My one complaint is with the POI editor interface itself – it is very reliant on zooming in/out and dragging points with the mouse – but only when a left/right arrow icon appears above a point. It’s very difficult to consistently find the correct small area where that icon appears with a mouse.
Powerful Mobile DJ Toolkit
There’s a set of features inside of VirtualDJ 2018 that I think of as being quality of life and money-making features specifically for mobile DJs. It’s not that other DJs can’t use these features, it’s just that I can most easily see them used at weddings and other mobile gigs.
Automix + Editor
Auto mixing functionality is generally the butt of some well-deserved jokes – but in the mobile DJ world, having a reliable automatic mixing function is incredibly useful. Not every mobile DJ has a roadie with them who will cover music responsibilities while they’re away from the decks. And there are a ton of legitimate reasons to be away from the decks as a mobile jock – coordinating with the wedding party, triple checking name pronunciations for entrance announcements, or simply just using the restroom.
VirtualDJ 2018 has a dedicated Automix functionality that is incredibly reliable and informative. Drag songs into the Automix sideview window and enable Automix – it instantly tells you how much total time you have left in your automix, as well as what time each track will play. The mixing is basic, but reliable – doing basic beatmatched mixes of intro and outros. You can set those mixing points manually in the POI editor (ideal for cocktail hour tracks which sometimes don’t have much percussion) if you have a tracks that regularly end up being used in automixes.
But Atomix didn’t stop there – they also have the Automix Editor. This window allows you to adjust and fine-tune the mixing points of your tracks on a timeline view. It’s a nice way to visually represent the upcoming mixes and see what’s going to work and what might fall short – and then quickly edit them. It seems like a stretch that I would regularly use timeline view, but having the capability feels nice.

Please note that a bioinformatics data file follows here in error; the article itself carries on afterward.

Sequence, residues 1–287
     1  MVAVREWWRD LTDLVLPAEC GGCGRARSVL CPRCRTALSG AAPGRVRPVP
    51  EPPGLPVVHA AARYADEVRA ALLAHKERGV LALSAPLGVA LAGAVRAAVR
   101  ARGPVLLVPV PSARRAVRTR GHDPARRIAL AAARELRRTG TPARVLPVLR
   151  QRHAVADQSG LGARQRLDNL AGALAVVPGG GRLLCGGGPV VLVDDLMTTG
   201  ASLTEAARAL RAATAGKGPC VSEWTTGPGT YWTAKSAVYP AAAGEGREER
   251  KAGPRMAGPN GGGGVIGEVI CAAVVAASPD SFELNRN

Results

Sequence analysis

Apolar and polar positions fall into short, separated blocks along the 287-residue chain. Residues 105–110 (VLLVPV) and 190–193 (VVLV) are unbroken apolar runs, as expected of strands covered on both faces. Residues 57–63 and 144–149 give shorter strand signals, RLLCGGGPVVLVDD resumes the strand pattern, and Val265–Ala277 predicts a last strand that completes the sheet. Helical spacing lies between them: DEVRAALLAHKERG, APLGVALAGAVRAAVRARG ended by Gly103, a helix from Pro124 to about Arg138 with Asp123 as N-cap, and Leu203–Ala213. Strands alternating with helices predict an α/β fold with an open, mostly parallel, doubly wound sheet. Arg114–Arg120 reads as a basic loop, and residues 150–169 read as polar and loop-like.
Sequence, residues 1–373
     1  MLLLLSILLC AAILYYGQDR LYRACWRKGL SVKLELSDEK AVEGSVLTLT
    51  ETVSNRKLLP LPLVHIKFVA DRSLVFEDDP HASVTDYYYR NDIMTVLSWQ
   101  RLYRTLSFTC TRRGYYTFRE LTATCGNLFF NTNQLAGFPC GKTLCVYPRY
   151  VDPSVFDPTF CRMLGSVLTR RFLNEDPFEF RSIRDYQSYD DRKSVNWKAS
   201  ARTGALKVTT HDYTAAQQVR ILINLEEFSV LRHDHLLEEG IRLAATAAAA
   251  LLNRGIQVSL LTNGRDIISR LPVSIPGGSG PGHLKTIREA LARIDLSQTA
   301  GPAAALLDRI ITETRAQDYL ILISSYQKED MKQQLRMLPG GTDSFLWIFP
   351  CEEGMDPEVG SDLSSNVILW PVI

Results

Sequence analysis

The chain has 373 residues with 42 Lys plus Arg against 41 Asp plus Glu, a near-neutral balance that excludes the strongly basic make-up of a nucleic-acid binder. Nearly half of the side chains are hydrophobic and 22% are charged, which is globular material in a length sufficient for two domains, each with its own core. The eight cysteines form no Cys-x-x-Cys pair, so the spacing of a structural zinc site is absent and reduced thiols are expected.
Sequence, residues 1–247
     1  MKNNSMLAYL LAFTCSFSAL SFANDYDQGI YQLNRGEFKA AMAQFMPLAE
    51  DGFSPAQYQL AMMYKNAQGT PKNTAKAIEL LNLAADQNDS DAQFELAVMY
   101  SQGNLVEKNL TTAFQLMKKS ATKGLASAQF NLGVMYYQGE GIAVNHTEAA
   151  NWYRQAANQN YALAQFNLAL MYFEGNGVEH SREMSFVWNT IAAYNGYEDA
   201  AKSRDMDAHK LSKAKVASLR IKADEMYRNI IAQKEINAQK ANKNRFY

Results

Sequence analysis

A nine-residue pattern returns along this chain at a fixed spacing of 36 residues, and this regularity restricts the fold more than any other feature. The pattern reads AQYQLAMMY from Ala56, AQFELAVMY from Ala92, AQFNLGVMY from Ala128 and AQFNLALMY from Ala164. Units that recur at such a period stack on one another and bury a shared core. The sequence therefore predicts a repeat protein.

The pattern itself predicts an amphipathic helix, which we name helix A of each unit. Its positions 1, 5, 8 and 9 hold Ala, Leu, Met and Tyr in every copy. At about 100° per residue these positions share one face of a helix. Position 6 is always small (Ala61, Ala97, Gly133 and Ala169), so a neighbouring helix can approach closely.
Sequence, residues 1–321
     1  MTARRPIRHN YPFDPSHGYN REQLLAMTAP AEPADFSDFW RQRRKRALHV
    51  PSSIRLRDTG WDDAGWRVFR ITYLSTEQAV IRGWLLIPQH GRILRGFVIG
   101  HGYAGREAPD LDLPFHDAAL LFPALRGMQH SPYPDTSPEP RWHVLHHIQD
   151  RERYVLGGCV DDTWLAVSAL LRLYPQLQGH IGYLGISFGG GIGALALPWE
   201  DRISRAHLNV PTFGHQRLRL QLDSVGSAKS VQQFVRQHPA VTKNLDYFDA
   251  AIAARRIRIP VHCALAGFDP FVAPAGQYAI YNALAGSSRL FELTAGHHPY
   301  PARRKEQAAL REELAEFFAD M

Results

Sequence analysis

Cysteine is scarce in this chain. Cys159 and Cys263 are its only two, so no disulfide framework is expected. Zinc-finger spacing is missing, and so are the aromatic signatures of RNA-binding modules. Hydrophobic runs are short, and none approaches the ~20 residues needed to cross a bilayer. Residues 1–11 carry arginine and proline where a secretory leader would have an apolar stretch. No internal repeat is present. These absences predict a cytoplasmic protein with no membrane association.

AskTheDJ (With Tips, If You Want)
This one is super cool. Atmoix has built their own request-taking engine right into the software – with a web app to match. Anyone can go to http://ask.the.dj and make a request for a song – which then automatically shows up in a folder in your browser. It even uses location detection – so your computer can be even more quickly matched with the request-makers.
It can even go one further – you can enable accepting tips associated with a request, so if that’s acceptable at the venues where you play, then why not try it out?
Genius DJ with iDJPool Cloud Library
Yes, I know that every other DJ software seems primed to be adding streaming integration into their collection windows – for Soundcloud/Tidal, or even for Beatport. VirtualDJ is likely to be getting those streaming platforms too, but they’ve already had streaming services integrated for years. The current incarnations are three services – music, karaoke, and videos. The music one ($9.99/month) is the most widely helpful, and the best thing about it is that it works hand-in-hand with VDJ’s LiveFeedback and GeniusDJ features.
These are both designed to give track suggestions: